The Comcast Deal Won't Make a Terrible Industry Any Worseby
There is some pleasure in reading telecom merger press releases—each one is a study in protesting too much. I count five mentions of the word “competitive” in Comcast’s announcement that it would merge with Time Warner Cable, four mentions of “consumer,” and eight of “innovate.” The announcement, like all such announcements, is a not very subtly coded plea to the Justice Department and the Federal Communications Commission. The merger will not harm competition, Comcast is saying. It will not harm consumers nor halt innovation.
Comcast is right. This deal, if approved, will not harm competition, consumers, and innovation. This is also a moot point. The deal will not help on those fronts, either, and it will do nothing to change an already regrettable situation: There is nowhere near enough competition among wireline Internet service providers.
By “wireline,” think of the actual wires that are attached to your house. Because of the way telecom companies are regulated in America, you can buy service from only as many companies as there are wires running up your driveway. Generally, the Justice Department considers a market competitive when it has four or more providers. Almost no American household has more than three providers of true high-speed wireline access, according to a report from the FCC (PDF), and 37 percent have only two: the local cable company and the local phone company. Another 28 percent has only one choice: the local cable company.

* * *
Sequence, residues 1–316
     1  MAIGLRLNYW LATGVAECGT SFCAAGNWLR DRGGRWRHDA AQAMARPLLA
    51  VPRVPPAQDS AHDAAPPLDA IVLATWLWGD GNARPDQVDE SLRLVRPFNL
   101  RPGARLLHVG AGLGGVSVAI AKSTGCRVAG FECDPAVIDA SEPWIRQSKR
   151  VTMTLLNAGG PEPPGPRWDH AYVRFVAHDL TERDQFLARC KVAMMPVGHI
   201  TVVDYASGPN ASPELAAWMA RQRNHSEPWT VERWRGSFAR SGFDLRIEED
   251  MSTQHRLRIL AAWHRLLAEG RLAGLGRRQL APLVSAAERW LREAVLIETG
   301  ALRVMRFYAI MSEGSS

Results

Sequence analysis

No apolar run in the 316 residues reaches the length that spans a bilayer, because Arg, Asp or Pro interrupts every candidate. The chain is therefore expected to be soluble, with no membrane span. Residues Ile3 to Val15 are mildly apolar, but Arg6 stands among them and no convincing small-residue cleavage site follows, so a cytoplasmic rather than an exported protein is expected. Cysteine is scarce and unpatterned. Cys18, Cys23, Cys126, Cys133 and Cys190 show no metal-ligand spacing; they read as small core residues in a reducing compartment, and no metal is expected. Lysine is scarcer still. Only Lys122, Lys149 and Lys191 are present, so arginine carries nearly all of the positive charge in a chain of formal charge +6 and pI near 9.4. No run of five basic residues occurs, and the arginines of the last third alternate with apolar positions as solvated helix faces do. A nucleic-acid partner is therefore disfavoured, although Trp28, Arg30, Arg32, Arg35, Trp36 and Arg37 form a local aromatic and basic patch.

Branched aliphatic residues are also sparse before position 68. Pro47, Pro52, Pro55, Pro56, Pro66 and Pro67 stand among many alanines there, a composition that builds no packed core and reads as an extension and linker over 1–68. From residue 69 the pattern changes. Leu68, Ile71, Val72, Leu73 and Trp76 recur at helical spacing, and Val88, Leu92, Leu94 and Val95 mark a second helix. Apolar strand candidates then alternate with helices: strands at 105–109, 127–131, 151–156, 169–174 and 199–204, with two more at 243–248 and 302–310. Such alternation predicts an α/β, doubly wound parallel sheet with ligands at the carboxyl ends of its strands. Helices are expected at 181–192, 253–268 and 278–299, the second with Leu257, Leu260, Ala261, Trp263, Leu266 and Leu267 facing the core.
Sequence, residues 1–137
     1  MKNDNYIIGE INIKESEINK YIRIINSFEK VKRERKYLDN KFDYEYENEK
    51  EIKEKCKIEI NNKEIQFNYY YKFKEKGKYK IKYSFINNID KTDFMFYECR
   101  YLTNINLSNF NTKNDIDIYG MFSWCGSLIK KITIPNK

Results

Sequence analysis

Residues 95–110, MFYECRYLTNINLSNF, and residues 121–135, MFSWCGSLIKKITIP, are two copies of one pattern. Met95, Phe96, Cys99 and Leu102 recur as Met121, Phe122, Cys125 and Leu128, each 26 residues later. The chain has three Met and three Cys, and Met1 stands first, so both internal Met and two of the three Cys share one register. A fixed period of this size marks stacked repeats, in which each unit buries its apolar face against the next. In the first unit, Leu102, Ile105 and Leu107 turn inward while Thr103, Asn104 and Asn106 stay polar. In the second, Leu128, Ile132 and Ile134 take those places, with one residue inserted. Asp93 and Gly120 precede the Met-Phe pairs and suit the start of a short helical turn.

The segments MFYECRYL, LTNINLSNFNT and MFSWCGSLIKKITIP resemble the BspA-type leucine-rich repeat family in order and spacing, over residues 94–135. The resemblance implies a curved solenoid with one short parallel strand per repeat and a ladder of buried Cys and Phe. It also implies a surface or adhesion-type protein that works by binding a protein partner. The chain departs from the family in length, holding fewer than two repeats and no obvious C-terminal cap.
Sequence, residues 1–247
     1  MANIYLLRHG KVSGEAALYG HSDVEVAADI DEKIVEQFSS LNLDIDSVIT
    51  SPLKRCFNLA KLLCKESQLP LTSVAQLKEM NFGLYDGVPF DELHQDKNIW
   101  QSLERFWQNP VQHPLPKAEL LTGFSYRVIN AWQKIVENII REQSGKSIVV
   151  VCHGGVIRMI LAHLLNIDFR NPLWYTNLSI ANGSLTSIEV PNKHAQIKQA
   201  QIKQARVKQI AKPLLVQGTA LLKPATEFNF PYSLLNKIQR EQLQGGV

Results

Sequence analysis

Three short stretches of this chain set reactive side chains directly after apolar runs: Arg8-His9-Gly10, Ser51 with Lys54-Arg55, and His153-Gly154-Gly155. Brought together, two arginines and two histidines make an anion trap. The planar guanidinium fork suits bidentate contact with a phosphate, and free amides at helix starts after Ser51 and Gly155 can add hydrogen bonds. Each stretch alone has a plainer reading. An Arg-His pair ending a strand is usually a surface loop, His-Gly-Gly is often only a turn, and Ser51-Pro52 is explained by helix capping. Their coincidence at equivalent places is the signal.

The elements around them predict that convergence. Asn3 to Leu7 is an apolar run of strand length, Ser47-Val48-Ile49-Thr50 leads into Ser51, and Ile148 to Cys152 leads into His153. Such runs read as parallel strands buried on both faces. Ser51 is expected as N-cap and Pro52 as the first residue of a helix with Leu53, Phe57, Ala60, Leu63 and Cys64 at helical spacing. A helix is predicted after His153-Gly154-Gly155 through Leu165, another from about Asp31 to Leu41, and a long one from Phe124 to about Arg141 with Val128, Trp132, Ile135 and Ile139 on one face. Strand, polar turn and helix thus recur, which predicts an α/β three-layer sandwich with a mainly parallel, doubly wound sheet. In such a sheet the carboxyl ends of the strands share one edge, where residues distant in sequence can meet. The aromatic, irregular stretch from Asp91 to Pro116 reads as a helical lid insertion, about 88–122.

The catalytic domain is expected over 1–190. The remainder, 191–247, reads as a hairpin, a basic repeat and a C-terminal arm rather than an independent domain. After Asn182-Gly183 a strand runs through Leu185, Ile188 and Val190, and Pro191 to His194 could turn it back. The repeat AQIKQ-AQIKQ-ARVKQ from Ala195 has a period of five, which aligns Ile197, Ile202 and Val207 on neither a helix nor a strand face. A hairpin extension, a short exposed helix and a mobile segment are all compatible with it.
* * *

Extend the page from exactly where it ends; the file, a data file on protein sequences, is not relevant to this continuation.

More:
Comcast protests in its press release that it won’t have more than 30 percent of the national market. That is a true and irrelevant number. Comcast, like every wireline provider, is a kind of holding company, selling broadband in lots of uncompetitive local markets. Since you can’t move your house, the local market is the only one that matters. And none of these local markets changes with the merger.
Your local market already stinks. Four of the top 10 most disliked companies in America are cable providers, among them Comcast and Time Warner Cable. This isn’t an accident. They don’t have much incentive to work too hard to make you like them. So, sure: merge. It won’t make things any worse.